In response to The Daily Post’s writing prompt: “Breaking the Law.”
Generally speaking, there are two kinds of law: the hard law and the soft law. The hard law are those written in black and white such us regulations and constitutions. On the other hand soft laws are those regulation that are not written in paper and yet universally executed and accepted. Basically, laws are based on the normative principles, but we should not be quick to equate laws with norms. Norms work in a very implicit way, while at the same time has a dramatic effect in our society. Normative principle is a signifier where rules are created that separates the normal from abnormal, good from bad, from what is acceptable and what is not, and so on.
I consider myself as an obedient citizen. I follow all the rules and as far as I know I am not breaking any law. Sometimes, the problem with a bureaucracy is that there are so many rules and regulations that you are not aware of and you do not know anymore if you are breaking any. Then of course, you if you are not caught, you are officially not doing anything against the law.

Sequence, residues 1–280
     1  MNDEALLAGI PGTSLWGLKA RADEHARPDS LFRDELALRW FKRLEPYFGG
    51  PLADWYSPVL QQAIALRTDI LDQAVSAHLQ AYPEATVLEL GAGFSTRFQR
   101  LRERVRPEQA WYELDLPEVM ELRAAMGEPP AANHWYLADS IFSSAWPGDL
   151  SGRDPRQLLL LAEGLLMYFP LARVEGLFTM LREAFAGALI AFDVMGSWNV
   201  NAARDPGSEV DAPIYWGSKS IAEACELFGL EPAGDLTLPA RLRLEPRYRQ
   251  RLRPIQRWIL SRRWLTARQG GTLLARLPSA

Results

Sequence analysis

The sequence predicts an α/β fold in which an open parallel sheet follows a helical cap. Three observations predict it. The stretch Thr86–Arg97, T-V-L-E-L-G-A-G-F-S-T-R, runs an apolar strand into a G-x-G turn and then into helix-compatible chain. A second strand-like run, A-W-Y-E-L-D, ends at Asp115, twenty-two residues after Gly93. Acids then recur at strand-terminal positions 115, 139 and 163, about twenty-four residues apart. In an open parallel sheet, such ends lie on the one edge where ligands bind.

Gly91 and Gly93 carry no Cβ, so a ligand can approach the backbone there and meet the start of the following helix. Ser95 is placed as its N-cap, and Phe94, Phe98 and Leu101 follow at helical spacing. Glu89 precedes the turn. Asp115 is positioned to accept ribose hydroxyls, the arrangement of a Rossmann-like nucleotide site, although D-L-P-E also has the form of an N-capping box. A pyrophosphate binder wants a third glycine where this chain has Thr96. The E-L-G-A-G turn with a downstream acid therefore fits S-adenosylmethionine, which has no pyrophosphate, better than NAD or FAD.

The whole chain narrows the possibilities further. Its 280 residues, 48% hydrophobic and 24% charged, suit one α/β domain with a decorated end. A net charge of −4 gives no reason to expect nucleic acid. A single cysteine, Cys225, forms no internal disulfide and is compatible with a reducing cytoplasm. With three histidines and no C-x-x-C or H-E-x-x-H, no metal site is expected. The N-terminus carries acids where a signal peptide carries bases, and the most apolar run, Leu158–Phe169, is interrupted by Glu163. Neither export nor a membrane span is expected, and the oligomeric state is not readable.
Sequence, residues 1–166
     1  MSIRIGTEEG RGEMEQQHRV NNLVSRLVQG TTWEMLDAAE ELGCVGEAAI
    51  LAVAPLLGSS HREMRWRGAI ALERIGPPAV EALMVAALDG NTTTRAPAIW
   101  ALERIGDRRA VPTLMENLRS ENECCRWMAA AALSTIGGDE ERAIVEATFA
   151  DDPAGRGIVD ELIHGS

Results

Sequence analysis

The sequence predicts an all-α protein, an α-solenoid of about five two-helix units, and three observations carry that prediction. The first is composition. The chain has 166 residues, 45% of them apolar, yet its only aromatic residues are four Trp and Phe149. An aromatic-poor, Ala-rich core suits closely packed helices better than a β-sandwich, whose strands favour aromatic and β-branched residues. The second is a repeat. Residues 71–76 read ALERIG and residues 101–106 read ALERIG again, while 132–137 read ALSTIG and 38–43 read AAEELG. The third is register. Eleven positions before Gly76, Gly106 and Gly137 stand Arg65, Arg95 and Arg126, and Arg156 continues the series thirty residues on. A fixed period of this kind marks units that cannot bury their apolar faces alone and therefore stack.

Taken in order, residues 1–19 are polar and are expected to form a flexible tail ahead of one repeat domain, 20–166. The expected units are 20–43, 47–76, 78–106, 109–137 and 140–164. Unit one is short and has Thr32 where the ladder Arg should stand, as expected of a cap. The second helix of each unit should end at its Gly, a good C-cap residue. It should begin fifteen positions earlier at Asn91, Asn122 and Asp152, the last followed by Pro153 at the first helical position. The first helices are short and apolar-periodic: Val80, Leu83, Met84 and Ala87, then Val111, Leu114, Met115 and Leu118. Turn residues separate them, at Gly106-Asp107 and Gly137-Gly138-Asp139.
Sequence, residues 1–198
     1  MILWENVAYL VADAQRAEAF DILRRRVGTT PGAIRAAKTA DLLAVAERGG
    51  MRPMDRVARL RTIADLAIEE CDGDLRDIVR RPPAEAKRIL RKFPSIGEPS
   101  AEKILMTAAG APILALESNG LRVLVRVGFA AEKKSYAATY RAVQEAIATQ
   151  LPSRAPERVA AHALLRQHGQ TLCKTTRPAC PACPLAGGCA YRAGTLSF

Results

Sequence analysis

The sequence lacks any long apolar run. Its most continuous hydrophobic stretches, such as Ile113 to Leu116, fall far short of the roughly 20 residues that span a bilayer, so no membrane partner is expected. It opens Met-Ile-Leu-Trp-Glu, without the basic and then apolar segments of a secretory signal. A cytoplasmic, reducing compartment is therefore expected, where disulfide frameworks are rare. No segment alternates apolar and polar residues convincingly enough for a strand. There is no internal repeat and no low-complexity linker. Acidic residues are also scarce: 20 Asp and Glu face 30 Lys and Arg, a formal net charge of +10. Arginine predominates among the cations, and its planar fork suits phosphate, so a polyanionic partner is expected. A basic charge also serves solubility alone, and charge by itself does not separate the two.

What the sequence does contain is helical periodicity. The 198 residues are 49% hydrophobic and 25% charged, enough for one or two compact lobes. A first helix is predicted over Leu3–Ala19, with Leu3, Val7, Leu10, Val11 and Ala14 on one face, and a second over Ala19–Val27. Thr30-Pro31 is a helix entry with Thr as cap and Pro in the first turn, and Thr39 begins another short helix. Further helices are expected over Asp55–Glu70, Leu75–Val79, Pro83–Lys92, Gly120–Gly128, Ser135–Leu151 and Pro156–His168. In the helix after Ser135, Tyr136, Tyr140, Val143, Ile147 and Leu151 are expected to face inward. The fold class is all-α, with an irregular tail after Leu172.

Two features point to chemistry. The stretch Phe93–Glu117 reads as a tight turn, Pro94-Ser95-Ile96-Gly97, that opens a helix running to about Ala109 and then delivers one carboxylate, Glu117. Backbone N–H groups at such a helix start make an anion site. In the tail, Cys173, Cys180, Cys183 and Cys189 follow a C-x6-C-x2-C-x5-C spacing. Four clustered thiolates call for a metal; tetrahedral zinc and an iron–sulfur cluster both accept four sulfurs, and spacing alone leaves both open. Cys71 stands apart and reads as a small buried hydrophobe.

However, I disobey the normative rules of our gendered society on a daily basis. Every day, I transgress the boundaries of the dichotomous gender binary. Fundamentally speaking, male sex should embrace every conforming norms about the masculine gender, which of course a fundamental gender rule that I disobey every day. Being a biological male who is always seeking recognition as feminine, I am guilty of violating every essence of the gender rules of our society. I claim and perform my transgender identity openly and express my gender not according to the rules of hetero-normativity.
Of course, it is not illegal for a man to be feminine or for a woman to be masculine. Police men will not arrest me for wearing female clothing, little make-up, long hair and allowing my peers to use female pronouns on me. But then, there is another kind of policing: the policing of our society. When one violates the unwritten rules and regulation of our society, he or she can be policed by the judgemental looks, bullies, discrimination, hate speech, and sometimes violence.
This exclusion through social policing has a silver lining. It is very empowering. When one is confronted by the social police, you symbolically stand up firm on your feet and look straight back at them. I said symbolically, because I do not mean that we should make scenes in public by fighting back. We fight by continuing to express our genders in fundamentally different ways. We transgender and transsexual men and women should express that there is more to it than a strict and suffocating structure of gender binary. And yes, we and we should be proud with our unruly behaviour, of course as long as we do not compromise our own sake and of other people around us. As long as we keep that in mind, we are not doing anything against humanity.